Recombinant methioninase combined with doxorubicin (DOX) regresses a DOX-resistant synovial sarcoma in a patient-derived orthotopic xenograft (PDOX) mouse model
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Kentaro Igarashi1,2,3, Kei Kawaguchi1,2, Shukuan Li1, Qinghong Han1, Yuying Tan1, Emily Gainor1, Tasuku Kiyuna1,2, Kentaro Miyake1,2, Masuyo Miyake1,2, Takashi Higuchi1,2, Hiromichi Oshiro1,2, Arun S. Singh4, Mark A. Eckardt5, Scott D. Nelson6, Tara A. Russell7, Sarah M. Dry6, Yunfeng Li6, Norio Yamamoto3, Katsuhiro Hayashi3, Hiroaki Kimura3, Shinji Miwa3, Hiroyuki Tsuchiya3, Fritz C. Eilber7 and Robert M. Hoffman1,2
1AntiCancer, Inc., San Diego, California, USA
2Department of Surgery, University of California, San Diego, California, USA
3Department of Orthopaedic Surgery, Kanazawa University, Kanazawa, Japan
4Division of Hematology-Oncology, University of California, Los Angeles, CA, USA
5Department of Surgery, Yale School of Medicine, New Haven, Connecticut, USA
6Department of Pathology, University of California, Los Angeles, CA, USA
7Division of Surgical Oncology, University of California, Los Angeles, CA, USA
Robert M. Hoffman, email: [email protected]
Fritz C. Eilber, email: [email protected]
Hiroyuki Tsuchiya, email: [email protected]
Keywords: synovial sarcoma; patient-derived orthotopic xenograft; PDOX; recombinant methioninase; doxorubicin
Received: February 22, 2018 Accepted: March 15, 2018 Published: April 10, 2018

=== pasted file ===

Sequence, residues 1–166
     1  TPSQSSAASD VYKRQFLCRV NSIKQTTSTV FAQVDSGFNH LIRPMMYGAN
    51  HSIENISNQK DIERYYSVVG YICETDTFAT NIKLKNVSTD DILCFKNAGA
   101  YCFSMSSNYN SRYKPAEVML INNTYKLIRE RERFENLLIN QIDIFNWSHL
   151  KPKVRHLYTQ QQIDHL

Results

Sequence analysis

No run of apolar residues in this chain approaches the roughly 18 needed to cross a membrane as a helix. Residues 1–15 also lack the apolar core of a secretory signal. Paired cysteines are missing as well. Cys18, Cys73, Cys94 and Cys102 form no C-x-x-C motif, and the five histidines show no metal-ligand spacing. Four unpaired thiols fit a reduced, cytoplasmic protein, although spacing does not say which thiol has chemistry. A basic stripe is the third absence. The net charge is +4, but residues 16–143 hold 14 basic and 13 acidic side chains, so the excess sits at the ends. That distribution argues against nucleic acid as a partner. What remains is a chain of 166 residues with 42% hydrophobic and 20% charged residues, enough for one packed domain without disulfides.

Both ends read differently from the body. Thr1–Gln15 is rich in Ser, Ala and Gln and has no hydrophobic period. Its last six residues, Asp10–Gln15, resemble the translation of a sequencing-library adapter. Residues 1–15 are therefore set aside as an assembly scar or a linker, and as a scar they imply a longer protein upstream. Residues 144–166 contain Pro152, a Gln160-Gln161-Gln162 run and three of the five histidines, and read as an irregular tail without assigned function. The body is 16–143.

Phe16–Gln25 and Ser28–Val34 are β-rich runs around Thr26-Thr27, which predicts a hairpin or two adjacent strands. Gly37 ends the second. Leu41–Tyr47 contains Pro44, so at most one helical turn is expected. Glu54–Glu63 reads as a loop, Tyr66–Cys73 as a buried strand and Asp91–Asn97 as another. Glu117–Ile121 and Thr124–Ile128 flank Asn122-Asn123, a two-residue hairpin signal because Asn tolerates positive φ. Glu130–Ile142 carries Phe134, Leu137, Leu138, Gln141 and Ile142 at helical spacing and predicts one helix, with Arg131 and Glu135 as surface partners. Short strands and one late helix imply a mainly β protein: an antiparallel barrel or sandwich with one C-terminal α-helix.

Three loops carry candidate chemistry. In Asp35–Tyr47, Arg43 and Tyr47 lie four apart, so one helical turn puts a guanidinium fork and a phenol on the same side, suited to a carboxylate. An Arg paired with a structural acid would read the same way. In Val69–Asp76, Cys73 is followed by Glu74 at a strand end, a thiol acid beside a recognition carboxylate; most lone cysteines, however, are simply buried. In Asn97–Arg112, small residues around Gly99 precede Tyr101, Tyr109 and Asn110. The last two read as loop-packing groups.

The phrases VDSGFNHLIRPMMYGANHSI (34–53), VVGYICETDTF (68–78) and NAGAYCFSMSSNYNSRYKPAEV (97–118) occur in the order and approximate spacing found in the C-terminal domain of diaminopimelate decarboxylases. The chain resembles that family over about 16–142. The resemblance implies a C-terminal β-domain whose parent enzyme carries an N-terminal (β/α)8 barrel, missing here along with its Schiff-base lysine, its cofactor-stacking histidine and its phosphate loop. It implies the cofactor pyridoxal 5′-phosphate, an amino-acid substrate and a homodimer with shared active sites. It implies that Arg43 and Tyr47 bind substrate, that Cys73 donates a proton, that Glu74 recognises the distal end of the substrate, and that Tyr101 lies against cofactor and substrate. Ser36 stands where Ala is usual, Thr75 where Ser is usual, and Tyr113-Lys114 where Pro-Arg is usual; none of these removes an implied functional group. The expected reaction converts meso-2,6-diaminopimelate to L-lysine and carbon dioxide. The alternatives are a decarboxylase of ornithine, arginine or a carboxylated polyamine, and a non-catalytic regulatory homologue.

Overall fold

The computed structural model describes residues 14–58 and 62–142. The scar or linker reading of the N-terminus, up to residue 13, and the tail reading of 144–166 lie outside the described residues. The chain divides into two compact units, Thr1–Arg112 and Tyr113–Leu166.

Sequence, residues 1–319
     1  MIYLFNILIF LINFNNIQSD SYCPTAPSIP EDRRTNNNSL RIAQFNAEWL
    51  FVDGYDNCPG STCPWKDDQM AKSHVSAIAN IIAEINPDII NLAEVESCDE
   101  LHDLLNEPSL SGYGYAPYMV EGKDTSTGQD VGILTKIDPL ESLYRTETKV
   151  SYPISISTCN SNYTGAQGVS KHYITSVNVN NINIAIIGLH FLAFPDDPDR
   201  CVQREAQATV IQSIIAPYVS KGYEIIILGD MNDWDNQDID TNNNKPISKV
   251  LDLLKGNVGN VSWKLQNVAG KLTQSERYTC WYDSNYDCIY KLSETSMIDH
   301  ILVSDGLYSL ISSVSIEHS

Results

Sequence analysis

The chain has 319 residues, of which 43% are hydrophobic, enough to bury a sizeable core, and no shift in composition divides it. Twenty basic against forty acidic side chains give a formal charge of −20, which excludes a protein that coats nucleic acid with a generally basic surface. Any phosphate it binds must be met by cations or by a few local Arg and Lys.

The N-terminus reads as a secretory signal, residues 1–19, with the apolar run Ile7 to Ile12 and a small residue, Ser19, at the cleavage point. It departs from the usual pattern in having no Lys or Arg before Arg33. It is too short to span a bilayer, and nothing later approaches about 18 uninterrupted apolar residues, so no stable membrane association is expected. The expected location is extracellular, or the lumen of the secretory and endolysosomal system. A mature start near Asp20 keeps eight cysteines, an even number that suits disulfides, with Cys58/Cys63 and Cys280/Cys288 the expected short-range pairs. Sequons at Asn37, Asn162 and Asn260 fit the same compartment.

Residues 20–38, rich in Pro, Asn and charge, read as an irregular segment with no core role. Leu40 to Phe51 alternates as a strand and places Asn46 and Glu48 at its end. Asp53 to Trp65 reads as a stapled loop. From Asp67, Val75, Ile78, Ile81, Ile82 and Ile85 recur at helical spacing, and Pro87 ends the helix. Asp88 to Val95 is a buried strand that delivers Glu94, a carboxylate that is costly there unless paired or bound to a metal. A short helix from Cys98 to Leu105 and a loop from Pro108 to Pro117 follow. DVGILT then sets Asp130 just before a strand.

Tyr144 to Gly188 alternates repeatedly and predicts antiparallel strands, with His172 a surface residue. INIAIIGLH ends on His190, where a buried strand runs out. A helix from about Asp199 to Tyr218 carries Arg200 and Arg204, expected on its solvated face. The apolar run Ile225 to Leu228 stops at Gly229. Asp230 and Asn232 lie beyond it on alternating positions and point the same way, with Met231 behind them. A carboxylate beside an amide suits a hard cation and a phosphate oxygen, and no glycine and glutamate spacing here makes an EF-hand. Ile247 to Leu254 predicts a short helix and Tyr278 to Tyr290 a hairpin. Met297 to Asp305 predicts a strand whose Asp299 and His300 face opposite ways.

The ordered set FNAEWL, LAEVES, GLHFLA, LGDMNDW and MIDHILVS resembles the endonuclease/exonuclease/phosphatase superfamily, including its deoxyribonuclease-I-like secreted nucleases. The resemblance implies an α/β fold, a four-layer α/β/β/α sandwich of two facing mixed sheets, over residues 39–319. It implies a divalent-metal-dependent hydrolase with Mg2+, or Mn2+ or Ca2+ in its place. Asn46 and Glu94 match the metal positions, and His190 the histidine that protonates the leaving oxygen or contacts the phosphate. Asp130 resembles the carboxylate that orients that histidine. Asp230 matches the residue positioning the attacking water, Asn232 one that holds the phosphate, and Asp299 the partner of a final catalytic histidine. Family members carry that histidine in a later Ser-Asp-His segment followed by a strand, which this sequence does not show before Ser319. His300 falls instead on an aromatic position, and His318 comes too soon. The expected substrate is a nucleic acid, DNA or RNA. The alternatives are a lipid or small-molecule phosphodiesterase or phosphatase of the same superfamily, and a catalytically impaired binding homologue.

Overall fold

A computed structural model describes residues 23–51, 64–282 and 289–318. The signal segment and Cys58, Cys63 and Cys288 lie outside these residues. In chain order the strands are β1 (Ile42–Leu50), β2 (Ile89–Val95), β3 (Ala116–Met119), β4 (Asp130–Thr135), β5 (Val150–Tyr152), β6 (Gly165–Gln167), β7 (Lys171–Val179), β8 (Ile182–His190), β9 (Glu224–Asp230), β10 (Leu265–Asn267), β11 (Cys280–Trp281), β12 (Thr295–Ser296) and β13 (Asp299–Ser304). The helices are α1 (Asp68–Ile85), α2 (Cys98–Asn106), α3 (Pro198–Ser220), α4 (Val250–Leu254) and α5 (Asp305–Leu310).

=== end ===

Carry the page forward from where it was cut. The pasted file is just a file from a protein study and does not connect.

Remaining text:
Synovial sarcoma (SS) is a recalcitrant subgroup of soft tissue sarcoma (STS). A tumor from a patient with high grade SS from a lower extremity was grown orthotopically in the right biceps femoris muscle of nude mice to establish a patient-derived orthotopic xenograft (PDOX) mouse model. The PDOX mice were randomized into the following groups when tumor volume reached approximately 100 mm3: G1, control without treatment; G2, doxorubicin (DOX) (3 mg/kg, intraperitoneal [i.p.] injection, weekly, for 2 weeks; G3, rMETase (100 unit/mouse, i.p., daily, for 2 weeks); G4 DOX (3mg/kg), i.p. weekly, for 2 weeks) combined with rMETase (100 unit/mouse, i.p., daily, for 2 weeks). On day 14 after treatment initiation, all therapies significantly inhibited tumor growth compared to untreated control, except DOX: (DOX: p = 0.48; rMETase: p < 0.005; DOX combined with rMETase < 0.0001). DOX combined with rMETase was significantly more effective than both DOX alone (p < 0.001) and rMETase alone (p < 0.05). The relative body weight on day 14 compared with day 0 did not significantly differ between any treatment group or untreated control. The results indicate that r-METase can overcome DOX-resistance in this recalcitrant disease.
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